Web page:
As reported by BBC, Police in England has teamed up with heritage experts to crack down on gangs stealing valuable metal from churches and historic buildings. The Local Government Association estimates metal thefts – of materials including electricity cables, railway lines, war memorials, road signs, children’s playground equipment and church roofs – cost the country as much as £770m a year. In the case of historic buildings and churches, the thieves are stealing years of history and destroying English cultural heritage.
Officers are working with Historic England to inspect scrap yards where thieves might try to sell lucrative metals such as lead and copper as reported by BBC. The police say that some dealerships are failing to carry out checks when they are offered metal for sale. In the partnership between the police and experts, officers from Operation Crucible are taking members of Historic England along when they investigate scrapyards to help them understand how thieves operate.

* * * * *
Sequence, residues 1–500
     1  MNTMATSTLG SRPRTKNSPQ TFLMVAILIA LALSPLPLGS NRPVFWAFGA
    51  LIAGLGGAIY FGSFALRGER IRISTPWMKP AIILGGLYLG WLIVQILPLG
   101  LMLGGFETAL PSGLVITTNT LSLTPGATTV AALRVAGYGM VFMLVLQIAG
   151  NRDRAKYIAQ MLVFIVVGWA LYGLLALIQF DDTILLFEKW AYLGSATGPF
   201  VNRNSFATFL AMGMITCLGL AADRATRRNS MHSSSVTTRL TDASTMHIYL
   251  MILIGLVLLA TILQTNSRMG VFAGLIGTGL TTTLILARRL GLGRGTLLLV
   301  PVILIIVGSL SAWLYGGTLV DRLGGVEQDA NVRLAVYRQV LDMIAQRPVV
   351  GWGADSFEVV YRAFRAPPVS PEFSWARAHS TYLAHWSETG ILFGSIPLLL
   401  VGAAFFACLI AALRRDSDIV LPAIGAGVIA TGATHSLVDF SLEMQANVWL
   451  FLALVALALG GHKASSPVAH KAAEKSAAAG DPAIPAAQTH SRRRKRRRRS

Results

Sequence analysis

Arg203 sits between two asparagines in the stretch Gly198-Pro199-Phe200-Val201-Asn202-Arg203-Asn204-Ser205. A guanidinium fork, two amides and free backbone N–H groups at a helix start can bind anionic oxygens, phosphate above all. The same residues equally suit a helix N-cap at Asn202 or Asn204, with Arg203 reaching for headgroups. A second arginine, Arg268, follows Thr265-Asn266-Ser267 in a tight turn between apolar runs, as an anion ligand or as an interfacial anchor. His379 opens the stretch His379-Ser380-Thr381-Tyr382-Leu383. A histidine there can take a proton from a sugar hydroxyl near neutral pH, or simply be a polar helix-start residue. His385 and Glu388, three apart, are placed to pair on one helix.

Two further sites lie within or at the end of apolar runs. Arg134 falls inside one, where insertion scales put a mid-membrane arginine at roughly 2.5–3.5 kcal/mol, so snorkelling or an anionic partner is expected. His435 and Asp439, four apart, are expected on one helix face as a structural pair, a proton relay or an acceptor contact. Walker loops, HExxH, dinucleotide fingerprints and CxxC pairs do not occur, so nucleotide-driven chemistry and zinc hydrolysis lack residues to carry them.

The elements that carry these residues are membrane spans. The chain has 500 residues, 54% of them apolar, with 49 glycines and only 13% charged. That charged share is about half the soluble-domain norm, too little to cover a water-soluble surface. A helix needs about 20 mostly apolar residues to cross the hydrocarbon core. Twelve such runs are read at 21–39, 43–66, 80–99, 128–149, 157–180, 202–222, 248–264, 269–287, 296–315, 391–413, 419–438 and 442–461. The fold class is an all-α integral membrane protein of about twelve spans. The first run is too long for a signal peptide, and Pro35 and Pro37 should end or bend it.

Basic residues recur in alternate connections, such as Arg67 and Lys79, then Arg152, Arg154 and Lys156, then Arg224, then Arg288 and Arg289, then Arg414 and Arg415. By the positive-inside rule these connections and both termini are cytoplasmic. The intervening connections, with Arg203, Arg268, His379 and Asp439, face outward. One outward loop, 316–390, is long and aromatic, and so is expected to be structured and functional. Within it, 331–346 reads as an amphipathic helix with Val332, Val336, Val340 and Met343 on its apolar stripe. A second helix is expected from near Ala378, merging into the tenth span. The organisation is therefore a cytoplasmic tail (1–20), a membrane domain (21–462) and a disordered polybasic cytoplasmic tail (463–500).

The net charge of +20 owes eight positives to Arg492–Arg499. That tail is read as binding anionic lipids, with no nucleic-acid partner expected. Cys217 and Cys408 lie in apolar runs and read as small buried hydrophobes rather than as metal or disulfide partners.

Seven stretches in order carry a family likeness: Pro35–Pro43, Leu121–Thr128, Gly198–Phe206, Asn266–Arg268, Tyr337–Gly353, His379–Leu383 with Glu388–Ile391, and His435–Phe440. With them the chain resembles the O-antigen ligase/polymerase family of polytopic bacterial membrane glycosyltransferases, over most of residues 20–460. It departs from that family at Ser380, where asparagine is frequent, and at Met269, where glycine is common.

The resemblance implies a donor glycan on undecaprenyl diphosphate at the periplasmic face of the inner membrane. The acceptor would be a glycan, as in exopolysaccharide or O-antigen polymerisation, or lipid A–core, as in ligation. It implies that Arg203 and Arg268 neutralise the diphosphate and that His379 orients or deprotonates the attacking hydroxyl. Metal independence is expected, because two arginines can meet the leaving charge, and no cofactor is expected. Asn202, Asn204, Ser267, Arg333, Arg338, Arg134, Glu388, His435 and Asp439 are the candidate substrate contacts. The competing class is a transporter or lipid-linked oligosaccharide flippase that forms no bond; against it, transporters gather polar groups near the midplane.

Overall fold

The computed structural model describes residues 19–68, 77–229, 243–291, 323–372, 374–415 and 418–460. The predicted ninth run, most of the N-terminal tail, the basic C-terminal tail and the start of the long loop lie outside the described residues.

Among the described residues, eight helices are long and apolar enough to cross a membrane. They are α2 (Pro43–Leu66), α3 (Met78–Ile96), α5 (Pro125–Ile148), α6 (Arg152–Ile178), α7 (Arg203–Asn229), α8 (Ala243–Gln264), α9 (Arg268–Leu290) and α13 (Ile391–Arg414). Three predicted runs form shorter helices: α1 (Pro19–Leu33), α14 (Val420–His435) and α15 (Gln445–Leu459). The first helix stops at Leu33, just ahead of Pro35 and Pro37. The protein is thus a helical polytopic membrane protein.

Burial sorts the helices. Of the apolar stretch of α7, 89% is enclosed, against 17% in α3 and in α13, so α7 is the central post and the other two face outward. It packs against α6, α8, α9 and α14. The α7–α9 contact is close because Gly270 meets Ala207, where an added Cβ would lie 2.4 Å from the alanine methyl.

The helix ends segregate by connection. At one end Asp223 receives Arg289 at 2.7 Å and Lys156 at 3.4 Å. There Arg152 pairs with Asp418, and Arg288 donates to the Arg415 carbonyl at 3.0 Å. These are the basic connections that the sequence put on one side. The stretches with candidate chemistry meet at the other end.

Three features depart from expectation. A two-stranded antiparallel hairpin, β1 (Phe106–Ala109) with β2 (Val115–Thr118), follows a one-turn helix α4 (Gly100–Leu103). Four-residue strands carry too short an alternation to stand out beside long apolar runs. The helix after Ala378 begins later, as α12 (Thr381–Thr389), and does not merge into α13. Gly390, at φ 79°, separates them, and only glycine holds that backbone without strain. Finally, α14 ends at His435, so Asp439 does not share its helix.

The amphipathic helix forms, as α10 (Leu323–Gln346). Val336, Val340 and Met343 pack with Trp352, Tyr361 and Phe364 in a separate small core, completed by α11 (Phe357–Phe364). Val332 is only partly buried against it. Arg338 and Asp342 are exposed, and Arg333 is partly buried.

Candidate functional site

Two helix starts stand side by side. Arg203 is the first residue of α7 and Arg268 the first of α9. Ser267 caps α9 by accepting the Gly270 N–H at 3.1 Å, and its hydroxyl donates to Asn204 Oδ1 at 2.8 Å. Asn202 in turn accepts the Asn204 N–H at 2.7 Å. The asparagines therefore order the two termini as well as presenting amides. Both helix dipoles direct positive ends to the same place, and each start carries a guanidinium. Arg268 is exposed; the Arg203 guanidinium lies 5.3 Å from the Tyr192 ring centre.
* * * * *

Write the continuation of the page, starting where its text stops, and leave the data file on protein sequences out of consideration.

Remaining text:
The Scrap Metal Dealers Act 2013 requires all scrap dealers and motor salvage operators in England and Wales to apply for a license from their local authority and keep records on whom they buy from. The council also has the power to assess whether each license applicant is a “suitable person” – including examining criminal convictions – and increased powers to carry out inspections.